Coolidge in David Pietrusza’s “1932”


Coming out October of last year, 1932: The Rise of Hitler and FDR – Two Tales of Politics, Betrayal, and Unlikely Destiny complements the growing collection of electoral histories by Coolidge scholar and meticulous historian David Pietrusza. Between the authoring of his latest book and his previous titles, 1920: The Year of the Six Presidents, 1948: Harry Truman’s Improbable Victory and the Year that Transformed America, and 1960 – LBJ vs. JFK vs. Nixon: The Epic Campaign That Forged Three Presidencies, Mr. Pietrusza somehow found time to complete three other collections of documents and historical materials on Calvin Coolidge, Silent Cal’s Almanack, Calvin Coolidge on the Founders, and Calvin Coolidge: A Documentary Biography. He is known around the country not only for his prolific body of writing but also for his frequent participation in radio and TV programs featuring the various historical subjects with which he stands preeminent conversant.

Coolidge, while not the leading “actor” in Pietrusza’s latest book, serves an important role. We first encounter him characteristically at his desk, setting the sharpest contrast to the man who would become his successor, Herbert Hoover, then serving as Secretary of Commerce. This marked difference in personality, ability, and approach continues to be woven together in a narrative that is both fascinating and original. Pietrusza alternates each chapter between the stirring rise of FDR in America and the halting, even sputtering, climb of Hitler in Germany. In both instances we are reminded that history is anything but foregone or predetermined. Nothing that happened had to happen.

Meanwhile, we see the dramatic free-fall of one lauded as the “Great Engineer,” who had won the greatest electoral victory a short four years before by promising to continue the policies of his predecessor, Mr. Coolidge. Time would quickly unravel this pledge and Hoover’s political inexperience would lead to historic defeat, inflicting a brooding degree of self-doubt which, some argue, still haunts the GOP as a party. Having worked his way up in the mining industry, Hoover saw his private sector efforts crowned with his first million before he was thirty, but he had only known public life as an appointee or bureaucrat by 1928. Living abroad for much of his early life, he never mastered either the wisdom of delegation as an executive or the political skill essential in America’s system of co-equal authority. He never had to run for office until the Presidency. In these fundamentals he could not be more different from the politically experienced, shrewd but humble Calvin Coolidge. Becoming his own worst enemy, Hoover self-destructs and, unwittingly, paves the way for FDR’s landslide victory in November 1932. Across the pond, Germany collapses from within, each painful step of the way leading to Hitler being given the chancellorship he so covets.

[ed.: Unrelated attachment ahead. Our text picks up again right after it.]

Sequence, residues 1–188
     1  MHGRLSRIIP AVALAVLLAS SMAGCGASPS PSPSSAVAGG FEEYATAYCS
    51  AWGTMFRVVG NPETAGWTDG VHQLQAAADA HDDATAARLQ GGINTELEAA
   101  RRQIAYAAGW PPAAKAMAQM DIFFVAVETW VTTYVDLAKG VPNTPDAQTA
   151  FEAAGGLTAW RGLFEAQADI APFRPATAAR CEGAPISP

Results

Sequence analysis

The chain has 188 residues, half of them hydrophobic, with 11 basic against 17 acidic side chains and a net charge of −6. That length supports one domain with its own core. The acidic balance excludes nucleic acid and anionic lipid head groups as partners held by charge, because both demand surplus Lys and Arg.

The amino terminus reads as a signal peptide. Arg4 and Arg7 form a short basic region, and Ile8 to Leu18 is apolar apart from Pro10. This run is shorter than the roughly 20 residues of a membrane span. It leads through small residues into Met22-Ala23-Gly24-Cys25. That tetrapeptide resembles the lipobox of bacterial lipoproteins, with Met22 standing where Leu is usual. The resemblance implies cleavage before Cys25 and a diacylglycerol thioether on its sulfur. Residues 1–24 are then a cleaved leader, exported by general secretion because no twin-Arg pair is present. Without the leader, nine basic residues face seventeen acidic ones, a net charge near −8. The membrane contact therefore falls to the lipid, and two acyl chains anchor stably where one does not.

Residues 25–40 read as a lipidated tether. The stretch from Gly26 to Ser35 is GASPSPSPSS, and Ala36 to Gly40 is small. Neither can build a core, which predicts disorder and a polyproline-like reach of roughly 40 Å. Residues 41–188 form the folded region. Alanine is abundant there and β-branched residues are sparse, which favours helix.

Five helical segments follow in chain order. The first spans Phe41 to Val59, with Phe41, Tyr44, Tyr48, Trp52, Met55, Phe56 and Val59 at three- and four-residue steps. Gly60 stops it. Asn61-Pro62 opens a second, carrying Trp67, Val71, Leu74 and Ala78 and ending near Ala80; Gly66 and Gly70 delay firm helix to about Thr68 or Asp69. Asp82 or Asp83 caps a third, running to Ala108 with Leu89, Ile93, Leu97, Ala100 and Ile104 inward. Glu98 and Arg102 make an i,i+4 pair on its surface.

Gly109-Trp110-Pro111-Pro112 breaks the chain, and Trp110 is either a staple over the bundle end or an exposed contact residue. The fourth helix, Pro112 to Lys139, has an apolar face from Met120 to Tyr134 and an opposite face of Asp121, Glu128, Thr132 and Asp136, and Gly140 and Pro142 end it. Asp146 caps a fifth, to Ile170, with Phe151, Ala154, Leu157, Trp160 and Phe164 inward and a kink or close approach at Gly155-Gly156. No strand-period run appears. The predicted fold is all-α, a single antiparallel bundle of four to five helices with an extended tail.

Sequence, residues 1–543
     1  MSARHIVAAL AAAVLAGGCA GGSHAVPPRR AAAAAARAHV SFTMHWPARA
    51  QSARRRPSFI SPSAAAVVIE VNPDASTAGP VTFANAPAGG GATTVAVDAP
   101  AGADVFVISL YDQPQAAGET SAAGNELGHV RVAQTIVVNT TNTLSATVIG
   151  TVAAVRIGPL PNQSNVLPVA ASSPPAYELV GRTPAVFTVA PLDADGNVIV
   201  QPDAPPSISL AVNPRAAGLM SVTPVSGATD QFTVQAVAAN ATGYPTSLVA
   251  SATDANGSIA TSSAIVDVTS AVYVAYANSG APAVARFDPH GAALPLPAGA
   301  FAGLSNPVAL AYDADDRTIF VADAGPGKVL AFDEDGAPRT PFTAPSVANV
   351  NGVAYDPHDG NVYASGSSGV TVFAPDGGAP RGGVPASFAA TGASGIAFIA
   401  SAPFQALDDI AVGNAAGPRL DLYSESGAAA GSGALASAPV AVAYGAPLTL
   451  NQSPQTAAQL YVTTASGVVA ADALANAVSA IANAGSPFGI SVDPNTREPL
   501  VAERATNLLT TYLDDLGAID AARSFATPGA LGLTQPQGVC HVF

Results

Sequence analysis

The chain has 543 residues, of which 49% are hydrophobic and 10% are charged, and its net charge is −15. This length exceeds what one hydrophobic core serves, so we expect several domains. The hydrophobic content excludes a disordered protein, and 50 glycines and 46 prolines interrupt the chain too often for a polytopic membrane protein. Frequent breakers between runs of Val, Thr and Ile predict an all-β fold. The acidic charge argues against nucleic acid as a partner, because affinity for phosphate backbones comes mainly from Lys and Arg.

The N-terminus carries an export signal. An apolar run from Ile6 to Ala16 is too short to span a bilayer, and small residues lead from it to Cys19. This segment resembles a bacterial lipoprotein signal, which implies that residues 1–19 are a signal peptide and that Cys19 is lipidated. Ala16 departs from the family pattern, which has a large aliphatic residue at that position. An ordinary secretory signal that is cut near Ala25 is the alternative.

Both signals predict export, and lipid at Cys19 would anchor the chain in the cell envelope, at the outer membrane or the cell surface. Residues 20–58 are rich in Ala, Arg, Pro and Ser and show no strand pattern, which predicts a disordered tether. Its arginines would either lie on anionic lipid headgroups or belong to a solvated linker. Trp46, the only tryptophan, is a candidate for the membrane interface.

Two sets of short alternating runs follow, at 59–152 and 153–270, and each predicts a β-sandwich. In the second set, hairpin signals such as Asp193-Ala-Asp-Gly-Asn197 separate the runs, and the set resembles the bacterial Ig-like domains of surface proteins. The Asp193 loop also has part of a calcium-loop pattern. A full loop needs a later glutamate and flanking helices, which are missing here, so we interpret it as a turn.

Coolidge, now in retirement, watched all these developments with growing concern, knowing that national leadership now fell to other men. Resisting every push by Hoover to take a more active part in the functions that properly belonged to the President (such as dedicating the Olympics in Los Angeles that year), Coolidge finally agreed to speak on behalf of his party, whose prospects appeared dismal indeed that autumn. A loyal Republican, Cal not only spoke (despite his struggling voice) but he wrote, delivered one final message from his home in Northampton just before election day, and actually voted with Mrs. Coolidge early the next morning in their old Ward 4. Coolidge’s address at Madison Square Garden put FDR on defense, forcing the Democrat to explain his deliberately vague position on such matters as the Veteran’s Bonus. Cal’s reluctant participation, completed with what he saw as his solemn duty to vote, was more than many did that year as FDR swept every section of the country but New England. By January, FDR would be finalizing Cabinet appointments at the Coolidge funeral through his proxies and talking increasingly of dictatorial powers. It was indeed a different world than Cal had known just a few short years before, a world where America and Europe were tragically poised to begin a decade of preparation for a second global war.

Pietrusza infuses what could be a tedious, even dry, narrative (especially explaining the Germany party system) with a vivid array of sub-plots and intriguing facts. 1932 is an essential study of the year that ushered in drastic change to our political identity and cultural makeup. Also, however, it carries an implicit warning of where individuals and nations can go when the desperation for any perceived escape (however superficial) from political, social or personal disaster relinquishes unaccountable power to nearly anyone ambitious enough to promise total rescue. In their acute distress many turn to those least qualified to lead them forth into the assurance that something different means something better. As Pietrusza reminds us, history does not bear out that often illusory hope.

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